The Urban Heat-Island effect in Boston
In summer, buildings, roads, and other structures in cities absorb heat from sunshine and slowly release it. As a result, urban areas are typically several degrees warmer than greener and less densely developed areas that surround them. The difference can be especially noticeable at night, when cities are much slower to cool off. This phenomenon is the urban heat-island effect.
Urban Heat-Island satellite measurements
The figure below, from a group of researchers then at Boston University using satellite measurements made in 2001, shows the urban heat-island effect from Washington, D.C. to Boston. Colors indicate how much cooler average land surface temperatures from January through May in non-urban areas were than in urban centers.
X. Zhang et al. 2004. The footprint of urban climates on vegetation phenology. GEOPHYSICAL RESEARCH LETTERS, (31) L12209, doi: 10.1029/2004GLO20137, 2004. http://www-modis.bu.edu/brdf/userguide/publications/2004_zhang_2_etal.pdf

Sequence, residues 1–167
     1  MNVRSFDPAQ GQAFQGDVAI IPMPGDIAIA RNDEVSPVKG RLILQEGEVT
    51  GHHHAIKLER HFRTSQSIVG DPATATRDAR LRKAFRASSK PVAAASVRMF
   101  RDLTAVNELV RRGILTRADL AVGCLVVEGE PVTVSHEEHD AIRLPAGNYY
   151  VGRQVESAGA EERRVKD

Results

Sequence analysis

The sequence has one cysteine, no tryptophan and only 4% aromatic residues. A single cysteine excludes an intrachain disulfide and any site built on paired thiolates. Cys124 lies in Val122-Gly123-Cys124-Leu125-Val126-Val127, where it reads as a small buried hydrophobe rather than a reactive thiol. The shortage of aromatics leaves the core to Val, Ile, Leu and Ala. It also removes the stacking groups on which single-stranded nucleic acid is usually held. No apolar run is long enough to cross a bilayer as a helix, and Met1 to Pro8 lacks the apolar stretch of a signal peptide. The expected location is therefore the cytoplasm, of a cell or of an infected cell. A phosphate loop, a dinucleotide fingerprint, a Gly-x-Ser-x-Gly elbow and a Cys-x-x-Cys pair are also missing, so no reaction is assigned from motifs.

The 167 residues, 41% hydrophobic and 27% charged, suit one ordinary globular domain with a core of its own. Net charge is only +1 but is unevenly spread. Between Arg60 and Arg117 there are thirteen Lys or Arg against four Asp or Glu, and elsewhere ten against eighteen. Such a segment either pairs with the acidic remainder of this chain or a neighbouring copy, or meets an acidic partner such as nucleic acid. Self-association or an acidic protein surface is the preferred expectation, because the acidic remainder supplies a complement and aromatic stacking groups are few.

Temperature variations between Boston, Worcester and Harvard Forest (Petersham, MA)
The below graphs show recent temperature data from Boston, Worcester, and Harvard Forest (located in Petersham, MA) as measured by the Boston ULTRA-EX project researchers at Boston University. Worcester is 50 miles and Harvard Forest is 70 miles inland from Boston. Temperature differences between them reflect the urban heat-island effect, the difference between coastal and non-coastal locations, and small-scale variability of weather patterns in New England. As is often the case with site-specific data from a brief span of time, patterns can be hard to discern.